EZG reviews The Buried Palace
This module is 24 pages long, 1 page front cover, 2 pages editorial, 1 page SRD, leaving us with 20 pages of content, so let’s take a look, shall we?
This being an adventure-review, the following contains SPOILERS. Potential players should jump to the conclusion. All right, still here?
Imperial Marshall Karridoc Castellan of Valera, one of the most powerful men in the 7 cities, requests the presence of the PCs – for an uncommon task: Below a bathing house, recent tremors have unearthed an old ruin of the Valeran empire – one the PCs are to scour for works of art and similar valuable memorabilia of interest to Valera.
The module doesn’t waste much time before dropping the PCs into the fray – and for a good reason. While usually buried palaces would elicit yawns from me, this one is expertly crafted: Unstable and in danger of collapsing, the PCs will have to contend with a constant dread of claustrophobia as the water from the bathing house trickles down and modify their fighting tactics accordingly – blasting this swarm of army ants with a fireball doesn’t seem to be that smart when collapse is a real danger…
Via both terrain-features and crunch, a sense of desolation and decay is evoked alongside a very present fear of being squashed as PCs have to contend with creatures that feel at home in the ruins – whether the aforementioned swarm or violet fungi or one glass golem left from the days of old, the inhabitants of the palace will challenge even experienced PCs while feeling like they truly belong to the complex, eliciting a sense of organic wholeness seldom seen in modules, let alone ones with “only” 20 pages.
Worse for the PCs, the Boss-encounter is a delusional worm-that-walks that is in possession of a crucial piece of regalia the PCs will want to acquire. Here we also have a cool idea – while the foe is more than a sufficient challenge, his delusions may just prove to be the edge the PCs need, for they have a precarious situation on their hands upon return:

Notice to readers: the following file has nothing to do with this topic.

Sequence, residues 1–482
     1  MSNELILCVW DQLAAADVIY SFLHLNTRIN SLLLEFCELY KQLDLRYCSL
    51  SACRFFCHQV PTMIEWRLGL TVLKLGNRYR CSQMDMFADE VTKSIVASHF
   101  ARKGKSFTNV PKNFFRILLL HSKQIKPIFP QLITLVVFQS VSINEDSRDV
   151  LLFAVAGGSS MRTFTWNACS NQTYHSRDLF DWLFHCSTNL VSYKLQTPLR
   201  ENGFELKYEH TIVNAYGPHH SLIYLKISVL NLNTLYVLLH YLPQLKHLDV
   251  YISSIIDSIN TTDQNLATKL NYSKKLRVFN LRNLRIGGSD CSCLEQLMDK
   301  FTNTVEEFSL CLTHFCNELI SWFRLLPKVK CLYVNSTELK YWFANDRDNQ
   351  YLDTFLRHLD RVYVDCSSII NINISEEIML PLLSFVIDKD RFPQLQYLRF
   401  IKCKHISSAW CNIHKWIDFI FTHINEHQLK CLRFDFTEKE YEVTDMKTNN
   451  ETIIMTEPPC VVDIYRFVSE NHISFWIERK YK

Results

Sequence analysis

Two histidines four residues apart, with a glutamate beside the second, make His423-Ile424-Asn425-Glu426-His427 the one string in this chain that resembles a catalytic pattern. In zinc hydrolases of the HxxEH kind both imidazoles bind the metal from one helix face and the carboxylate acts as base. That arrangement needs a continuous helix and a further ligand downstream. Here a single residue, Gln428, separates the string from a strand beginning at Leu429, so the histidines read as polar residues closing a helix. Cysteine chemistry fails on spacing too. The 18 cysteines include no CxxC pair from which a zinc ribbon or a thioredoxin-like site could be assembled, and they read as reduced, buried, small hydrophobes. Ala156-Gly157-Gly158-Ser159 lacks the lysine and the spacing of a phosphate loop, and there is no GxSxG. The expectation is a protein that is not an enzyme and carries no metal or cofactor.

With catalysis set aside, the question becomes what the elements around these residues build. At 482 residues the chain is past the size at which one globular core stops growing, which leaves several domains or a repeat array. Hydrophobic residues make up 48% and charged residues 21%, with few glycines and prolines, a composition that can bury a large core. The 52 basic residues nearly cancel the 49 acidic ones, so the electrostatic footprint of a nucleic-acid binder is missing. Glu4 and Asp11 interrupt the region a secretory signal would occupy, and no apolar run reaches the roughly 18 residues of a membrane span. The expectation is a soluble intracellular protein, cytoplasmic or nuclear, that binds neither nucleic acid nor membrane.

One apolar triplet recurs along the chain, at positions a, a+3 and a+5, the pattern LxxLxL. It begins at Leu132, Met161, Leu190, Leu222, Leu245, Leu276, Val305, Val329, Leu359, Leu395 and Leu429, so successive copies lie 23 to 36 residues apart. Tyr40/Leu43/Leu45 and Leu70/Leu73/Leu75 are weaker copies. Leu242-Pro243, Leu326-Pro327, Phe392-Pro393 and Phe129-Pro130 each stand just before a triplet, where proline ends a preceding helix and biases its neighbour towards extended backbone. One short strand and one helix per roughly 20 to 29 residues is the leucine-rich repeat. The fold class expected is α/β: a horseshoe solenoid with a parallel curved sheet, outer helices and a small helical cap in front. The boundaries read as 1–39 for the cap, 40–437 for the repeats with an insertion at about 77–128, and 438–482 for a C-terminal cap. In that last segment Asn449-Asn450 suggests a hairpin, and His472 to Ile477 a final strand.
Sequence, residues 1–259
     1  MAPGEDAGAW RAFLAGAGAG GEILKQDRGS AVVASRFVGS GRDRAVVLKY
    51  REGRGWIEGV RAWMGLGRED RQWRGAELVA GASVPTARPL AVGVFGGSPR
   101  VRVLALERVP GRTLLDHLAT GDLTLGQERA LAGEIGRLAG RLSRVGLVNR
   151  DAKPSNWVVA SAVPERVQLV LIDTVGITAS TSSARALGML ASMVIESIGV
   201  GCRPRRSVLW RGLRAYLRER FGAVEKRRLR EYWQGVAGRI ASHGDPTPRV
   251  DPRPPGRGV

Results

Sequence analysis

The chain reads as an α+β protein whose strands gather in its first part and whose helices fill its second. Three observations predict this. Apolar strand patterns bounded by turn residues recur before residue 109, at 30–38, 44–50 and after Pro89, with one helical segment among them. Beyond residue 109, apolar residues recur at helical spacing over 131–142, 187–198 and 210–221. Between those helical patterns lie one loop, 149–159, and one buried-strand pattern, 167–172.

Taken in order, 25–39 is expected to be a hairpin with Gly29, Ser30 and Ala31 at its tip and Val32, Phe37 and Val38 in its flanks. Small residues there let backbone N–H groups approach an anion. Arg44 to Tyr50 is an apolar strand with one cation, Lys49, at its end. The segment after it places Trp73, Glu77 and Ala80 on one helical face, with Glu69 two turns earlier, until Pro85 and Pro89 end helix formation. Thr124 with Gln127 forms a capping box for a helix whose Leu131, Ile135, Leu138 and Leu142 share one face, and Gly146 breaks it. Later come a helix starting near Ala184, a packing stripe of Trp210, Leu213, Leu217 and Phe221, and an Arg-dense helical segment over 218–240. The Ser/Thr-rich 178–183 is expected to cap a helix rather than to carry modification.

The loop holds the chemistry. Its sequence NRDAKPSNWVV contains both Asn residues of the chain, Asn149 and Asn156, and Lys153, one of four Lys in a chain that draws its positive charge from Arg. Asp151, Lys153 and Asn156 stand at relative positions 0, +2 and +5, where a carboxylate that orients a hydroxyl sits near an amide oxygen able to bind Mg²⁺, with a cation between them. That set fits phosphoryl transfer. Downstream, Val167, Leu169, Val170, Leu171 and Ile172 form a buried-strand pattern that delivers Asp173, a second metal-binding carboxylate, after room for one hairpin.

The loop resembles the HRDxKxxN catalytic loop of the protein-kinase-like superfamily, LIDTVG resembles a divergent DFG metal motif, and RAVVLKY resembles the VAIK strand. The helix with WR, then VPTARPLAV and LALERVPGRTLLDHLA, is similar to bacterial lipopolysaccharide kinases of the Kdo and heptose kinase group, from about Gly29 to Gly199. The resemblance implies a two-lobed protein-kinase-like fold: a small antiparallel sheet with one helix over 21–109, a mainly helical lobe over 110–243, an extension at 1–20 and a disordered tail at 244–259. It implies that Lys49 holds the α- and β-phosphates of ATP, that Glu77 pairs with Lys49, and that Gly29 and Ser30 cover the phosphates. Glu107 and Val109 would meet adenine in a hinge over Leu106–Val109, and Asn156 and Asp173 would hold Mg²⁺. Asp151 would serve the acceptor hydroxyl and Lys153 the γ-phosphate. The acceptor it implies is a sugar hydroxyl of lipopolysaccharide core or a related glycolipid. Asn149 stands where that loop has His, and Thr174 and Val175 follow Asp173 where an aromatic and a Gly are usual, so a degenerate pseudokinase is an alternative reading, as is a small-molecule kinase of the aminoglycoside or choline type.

From frescoes and information gleaned in the ruins, the PCs can unearth a piece of information that may not only turn their former employer against them, but also make them some of the most wanted men and women (and humanoids, if present) that roam the 7 cities… What that is, you ask? I won’t spoil that one! Suffice to say, clever reasoning and a touch of diplomacy and an aptitude for lying can help in the climax of the adventure, which should feel refreshingly different from the standard-fare one expects.
Editing and formatting are top-notch, I didn’t notice any glitches. Layout adheres to an elegant 2-column standard in b/w with the read-aloud text being framed by orangeish/brownish colors. The artwork is nice and Sean MacDonald’s cartography in b/w is awesome and detailed – though I wish player-friendly versions of the dungeon’s maps had been provided. Their absence is the one thing that galled me about this module. The pdf comes fully bookmarked for your convenience.
Steeped in Midgard-lore, yet easily transported into any given setting, The Buried Palace delivers a concise dungeon that makes sense, oozing looming dread and a sense of antiquity while not forgetting terrain, interesting creatures and a twist ending that your PCs won’t see coming – at first. The dawning suspicions should enhance the tension that suffuses the pages of this module and makes it, from start to finish, a challenging, but not unfair and exciting module – one I can’t believe author Mike Franke has crammed into a paltry twenty pages. I’ve read many dungeons that fail to reach this level of immersion with twice the page-count.
If by now you haven’t guessed: I really, really like this module and the only reason I’m not slamming my seal of approval on it is the lack of player-friendly maps. In fact, I’d usually go for 4.5 stars due to that and round down, but honestly, that would be a disservice to this module and its more than fair price. Hence, my final verdict will clock in at 5 stars.
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